An iPhone app aggregating data from FourSquare and Facebook in order to show personal data around the user’s location has been pulled off the AppStore by its developer. The fact that FourSquare has decided to disallow it access to its technology has basically rendered it useless.
First, let’s see how it works. It’s actually quite a simple concept. It takes info women publish on FourSquare and pairs it with what they have on their Facebook profile.
The app’s official website says it “scans your surroundings and helps you find out where girls or guys are hanging out. You can also see the ratio of girls to guys in different places around you.”
Voila! Stalker’s paradise. The user knows where he can, basically, go and pick up women. Theoretically. In practice, it opens doors for lots of creepy behavior. Sexual predators could easily use it to find victims.
FourSquare has disallowed the app’s access to its services, so its developers had to take it off the AppStore.
Even so, the developer has defended it in a message sent to the Wall Street Journal, saying that it is unethical to find a scapegoat to talk about privacy concerns. The developer was quoted as saying the app’s “goals, purposes, abilities and restrictions” have been misunderstood.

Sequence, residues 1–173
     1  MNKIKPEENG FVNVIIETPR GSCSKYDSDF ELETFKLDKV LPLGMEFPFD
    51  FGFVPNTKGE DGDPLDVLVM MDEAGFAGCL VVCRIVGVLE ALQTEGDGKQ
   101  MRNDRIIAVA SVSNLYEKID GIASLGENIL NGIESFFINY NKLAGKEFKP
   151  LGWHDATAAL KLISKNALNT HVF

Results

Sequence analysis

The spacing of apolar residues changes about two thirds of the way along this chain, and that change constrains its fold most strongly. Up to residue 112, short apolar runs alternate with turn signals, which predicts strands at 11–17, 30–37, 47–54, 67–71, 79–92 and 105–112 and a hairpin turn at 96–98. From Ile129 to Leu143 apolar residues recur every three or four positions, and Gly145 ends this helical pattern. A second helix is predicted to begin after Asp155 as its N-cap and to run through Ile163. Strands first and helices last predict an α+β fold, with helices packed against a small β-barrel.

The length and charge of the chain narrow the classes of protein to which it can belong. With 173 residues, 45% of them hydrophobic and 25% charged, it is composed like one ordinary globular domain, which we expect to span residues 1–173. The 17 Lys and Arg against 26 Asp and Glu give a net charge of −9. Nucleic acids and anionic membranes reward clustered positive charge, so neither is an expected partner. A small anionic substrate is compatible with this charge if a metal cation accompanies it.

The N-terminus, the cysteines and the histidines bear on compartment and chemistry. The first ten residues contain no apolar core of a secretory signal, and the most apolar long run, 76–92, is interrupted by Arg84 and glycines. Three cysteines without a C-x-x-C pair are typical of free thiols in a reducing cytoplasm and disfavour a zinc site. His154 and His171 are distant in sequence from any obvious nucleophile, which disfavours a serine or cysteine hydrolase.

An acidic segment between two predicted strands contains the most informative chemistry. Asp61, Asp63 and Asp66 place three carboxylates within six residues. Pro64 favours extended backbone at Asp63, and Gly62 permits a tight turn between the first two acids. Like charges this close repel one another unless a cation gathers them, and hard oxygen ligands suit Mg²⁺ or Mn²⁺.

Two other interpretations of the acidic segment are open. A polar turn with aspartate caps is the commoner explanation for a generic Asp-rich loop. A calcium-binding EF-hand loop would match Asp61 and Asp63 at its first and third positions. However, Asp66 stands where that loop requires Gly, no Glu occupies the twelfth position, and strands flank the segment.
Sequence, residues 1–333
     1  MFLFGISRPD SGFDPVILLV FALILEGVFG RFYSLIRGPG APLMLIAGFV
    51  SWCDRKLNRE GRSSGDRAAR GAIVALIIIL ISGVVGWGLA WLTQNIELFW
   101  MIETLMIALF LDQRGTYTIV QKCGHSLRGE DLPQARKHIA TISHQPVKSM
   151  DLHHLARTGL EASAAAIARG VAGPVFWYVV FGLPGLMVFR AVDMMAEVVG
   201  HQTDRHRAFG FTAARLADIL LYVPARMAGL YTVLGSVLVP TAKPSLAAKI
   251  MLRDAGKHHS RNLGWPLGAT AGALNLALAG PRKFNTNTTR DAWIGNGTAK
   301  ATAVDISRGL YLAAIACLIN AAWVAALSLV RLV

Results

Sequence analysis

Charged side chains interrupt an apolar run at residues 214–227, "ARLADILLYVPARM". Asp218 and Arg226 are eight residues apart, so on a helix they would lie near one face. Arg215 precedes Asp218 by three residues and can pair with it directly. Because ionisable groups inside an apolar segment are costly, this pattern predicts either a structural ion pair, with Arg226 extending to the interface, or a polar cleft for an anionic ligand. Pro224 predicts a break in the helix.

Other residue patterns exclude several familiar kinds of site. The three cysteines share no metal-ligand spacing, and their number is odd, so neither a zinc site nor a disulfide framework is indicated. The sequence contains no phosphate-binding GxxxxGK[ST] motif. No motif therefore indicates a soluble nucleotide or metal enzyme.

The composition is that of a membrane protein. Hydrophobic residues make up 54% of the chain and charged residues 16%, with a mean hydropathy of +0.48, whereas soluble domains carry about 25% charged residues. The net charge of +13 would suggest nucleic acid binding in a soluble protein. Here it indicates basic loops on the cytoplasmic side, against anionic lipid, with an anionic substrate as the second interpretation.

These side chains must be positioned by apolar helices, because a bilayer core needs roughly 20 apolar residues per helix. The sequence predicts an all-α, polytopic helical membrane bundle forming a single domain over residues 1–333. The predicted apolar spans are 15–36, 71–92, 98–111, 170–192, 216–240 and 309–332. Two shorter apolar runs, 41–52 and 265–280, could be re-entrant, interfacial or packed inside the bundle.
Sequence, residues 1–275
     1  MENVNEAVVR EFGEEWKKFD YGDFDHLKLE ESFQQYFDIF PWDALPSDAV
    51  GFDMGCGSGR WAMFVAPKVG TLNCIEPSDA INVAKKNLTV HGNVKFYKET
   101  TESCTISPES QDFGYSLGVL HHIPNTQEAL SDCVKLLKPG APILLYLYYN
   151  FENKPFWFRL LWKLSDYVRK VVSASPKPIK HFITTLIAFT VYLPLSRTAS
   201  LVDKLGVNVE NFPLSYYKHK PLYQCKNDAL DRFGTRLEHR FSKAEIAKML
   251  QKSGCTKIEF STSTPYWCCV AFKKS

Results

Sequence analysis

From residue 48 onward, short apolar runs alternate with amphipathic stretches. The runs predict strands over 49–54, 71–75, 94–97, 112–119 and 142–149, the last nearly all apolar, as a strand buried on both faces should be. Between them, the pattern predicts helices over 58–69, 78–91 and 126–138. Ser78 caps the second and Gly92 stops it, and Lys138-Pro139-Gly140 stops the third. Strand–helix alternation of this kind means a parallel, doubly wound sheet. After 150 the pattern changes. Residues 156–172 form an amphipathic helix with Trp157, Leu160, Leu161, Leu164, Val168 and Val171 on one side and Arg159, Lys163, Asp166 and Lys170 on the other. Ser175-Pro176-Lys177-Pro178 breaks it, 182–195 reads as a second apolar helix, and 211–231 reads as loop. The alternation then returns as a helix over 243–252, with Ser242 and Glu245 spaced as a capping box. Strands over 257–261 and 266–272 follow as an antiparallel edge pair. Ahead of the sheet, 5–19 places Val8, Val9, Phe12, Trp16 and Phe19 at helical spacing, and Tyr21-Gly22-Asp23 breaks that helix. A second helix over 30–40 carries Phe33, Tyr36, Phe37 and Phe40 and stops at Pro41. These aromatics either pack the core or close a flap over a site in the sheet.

He added that the app only offers information that’s already available publicly available. It only helps people find public venues in the vicinity.
iFree, the Russian developer of the app, also says that it would continue its development, but that it would limit it to showing only public places and venues. I’m really curious to see whether FourSquare will allow the use of its services in that situation.
For more on Internet privacy, which seems to be a popular topic these days, check out my article on Yahoo embracing Do Not Track.
The interesting thing is that there are already privately distributed computer apps that do exactly this. It isn’t hard to find them either.
On top of that many government agencies have this type of app as well for tracking individuals.